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Elizabeth “Lisl” Close designed the Peavey Technical Center in Chaska, now the District Education Center.


Teasers
Teaser 4

Sports shutdown

Spring season canceled

Page 11


Education
The great debate team

Ekaanth Veerakumar and Kian O’Connor were sure debate season was over. That was until news came their way. They were headed to nationals. Well, sort of.

The Chaska High School juniors, among the top eight public forum debate teams in the state of Minnesota, were fourth at a nationals qualifier in January. One spot from automatic qualification. When one team dropped out, O’Connor and Veerakumar were in.

“This year we started with the end goal in mind. Our goal was to make it to nationals. We worked hard all year, and when we got the call that a team had dropped out and we were in it was just wow! There were definitely a few tears of joy shed,” said Mariah Mayo, Chaska head debate coach.

Nationals, planned for Albuquerque, New Mexico, are now from the comfort of their own bedrooms.

“Yeah, this will be new for us. I’m sure it will feel different,” O’Connor said. “For me, one of the big things, at a tournament, is there is this different vibe that really gets you into the moment.”

“After national qualifiers we had a few more national tournaments, including one at Harvard, but going to nationals was out of our minds. I had switched gears, focusing on the speech season. It was a little ray of sunshine in all of this gloom. We were thrilled we could debate again,” Veerakumar said.

Nationals are set for June 13-20. O’Connor said the final topic comes out on May 1. The general idea will surround the topic education.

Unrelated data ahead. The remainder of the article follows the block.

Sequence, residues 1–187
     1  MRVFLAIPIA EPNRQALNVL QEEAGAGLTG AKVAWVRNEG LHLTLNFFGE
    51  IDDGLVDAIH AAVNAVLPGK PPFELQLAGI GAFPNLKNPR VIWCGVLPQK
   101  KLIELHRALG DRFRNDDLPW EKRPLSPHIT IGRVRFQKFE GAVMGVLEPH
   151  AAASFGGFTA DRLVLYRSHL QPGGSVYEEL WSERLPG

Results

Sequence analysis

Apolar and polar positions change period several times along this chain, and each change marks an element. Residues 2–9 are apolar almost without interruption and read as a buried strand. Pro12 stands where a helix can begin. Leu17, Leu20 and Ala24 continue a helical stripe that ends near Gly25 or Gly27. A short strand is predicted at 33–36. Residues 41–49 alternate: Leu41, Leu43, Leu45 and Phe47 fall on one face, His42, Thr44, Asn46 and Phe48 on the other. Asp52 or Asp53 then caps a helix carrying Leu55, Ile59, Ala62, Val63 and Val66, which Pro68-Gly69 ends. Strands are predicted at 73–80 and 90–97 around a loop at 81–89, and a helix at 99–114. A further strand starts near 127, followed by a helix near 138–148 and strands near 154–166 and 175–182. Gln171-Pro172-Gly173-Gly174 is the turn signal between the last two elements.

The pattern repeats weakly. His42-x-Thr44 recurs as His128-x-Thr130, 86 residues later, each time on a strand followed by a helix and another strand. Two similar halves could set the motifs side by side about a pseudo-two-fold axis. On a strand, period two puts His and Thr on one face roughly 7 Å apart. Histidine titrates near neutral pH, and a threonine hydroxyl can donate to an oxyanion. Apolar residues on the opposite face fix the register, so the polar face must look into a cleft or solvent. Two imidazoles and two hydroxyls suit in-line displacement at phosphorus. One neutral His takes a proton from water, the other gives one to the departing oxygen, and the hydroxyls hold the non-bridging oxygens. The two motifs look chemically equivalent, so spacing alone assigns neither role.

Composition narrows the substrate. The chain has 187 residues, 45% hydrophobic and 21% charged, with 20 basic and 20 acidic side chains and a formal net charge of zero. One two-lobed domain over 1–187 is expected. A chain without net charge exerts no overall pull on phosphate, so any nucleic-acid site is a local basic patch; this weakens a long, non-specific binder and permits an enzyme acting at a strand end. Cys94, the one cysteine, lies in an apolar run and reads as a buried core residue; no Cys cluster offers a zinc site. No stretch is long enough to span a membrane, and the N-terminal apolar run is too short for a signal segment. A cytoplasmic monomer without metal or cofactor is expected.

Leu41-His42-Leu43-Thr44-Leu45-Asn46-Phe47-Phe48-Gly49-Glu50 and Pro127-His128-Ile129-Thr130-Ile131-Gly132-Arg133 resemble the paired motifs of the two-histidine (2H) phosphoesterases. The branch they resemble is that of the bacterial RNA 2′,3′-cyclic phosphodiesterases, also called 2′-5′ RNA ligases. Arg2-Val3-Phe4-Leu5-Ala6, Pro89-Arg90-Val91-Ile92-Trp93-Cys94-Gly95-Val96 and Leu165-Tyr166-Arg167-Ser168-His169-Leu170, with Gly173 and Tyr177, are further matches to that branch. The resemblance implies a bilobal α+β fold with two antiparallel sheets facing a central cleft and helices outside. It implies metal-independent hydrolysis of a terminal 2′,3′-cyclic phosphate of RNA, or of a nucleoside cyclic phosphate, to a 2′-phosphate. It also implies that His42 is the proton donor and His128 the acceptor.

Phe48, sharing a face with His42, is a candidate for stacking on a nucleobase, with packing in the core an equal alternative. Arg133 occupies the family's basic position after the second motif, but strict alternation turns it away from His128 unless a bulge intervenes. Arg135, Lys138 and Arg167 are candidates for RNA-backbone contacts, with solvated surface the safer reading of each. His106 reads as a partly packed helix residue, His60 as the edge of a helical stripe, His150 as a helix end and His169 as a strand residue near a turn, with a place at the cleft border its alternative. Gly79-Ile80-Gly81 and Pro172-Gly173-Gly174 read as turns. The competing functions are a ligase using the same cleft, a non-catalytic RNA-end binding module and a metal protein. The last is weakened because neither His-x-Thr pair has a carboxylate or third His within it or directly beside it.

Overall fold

“Once we get the final topic, it’s grind time. We’ll start with the brainstorming phase. Look at the generic ideas, look at some weird ways we can go about debating the topic. We only have four minutes to present our case so we can’t talk about everything. We can only use the cream of the crop,” Veerakumar said. “It’s great to have the extra time (with distance learning from home), but the problem is everyone else has extra time on their hand, too.”

A TRUE TEAM

O’Connor moved to Minnesota in fourth grade. His introduction to Veerakumar and debate came one year later at Clover Ridge Elementary. Paired together for a school extracurricular activity, the duo were taught the basics of debate. They ended up winning the school competition, matching up against other district teams at the Carver County Government Center.

They were hooked.

Veerakumar and O’Connor saw posters for the debate team as eighth-graders at Chaska Middle School West. As freshmen, they were part of the 12-member team in just the second year of existence after a split from a combined team with Chanhassen High School.

“That was the taste I needed,” said Veerakumar, of the fifth-grade experience. “I only started debate as a fun activity. I didn’t see it as being this super competitive thing for me. After a couple of tournaments, that changed. I felt that rush to get better. I felt that rush to win.”

“It’s been a lot of fun. When we joined, it wasn’t exactly the most popular, well-known activity in school. After our freshman year, we started talking to our English teachers about getting more kids to join. We gave like 10-minute presentations, just the basics, to classes. If they were interested, we hoped they would come to the actual meetings,” O’Connor said.

The team remained small as sophomores, with five members, but the numbers grew to 16 this school year. O’Connor said most are underclassmen. They remain the only returning members from the 2017-18 school year.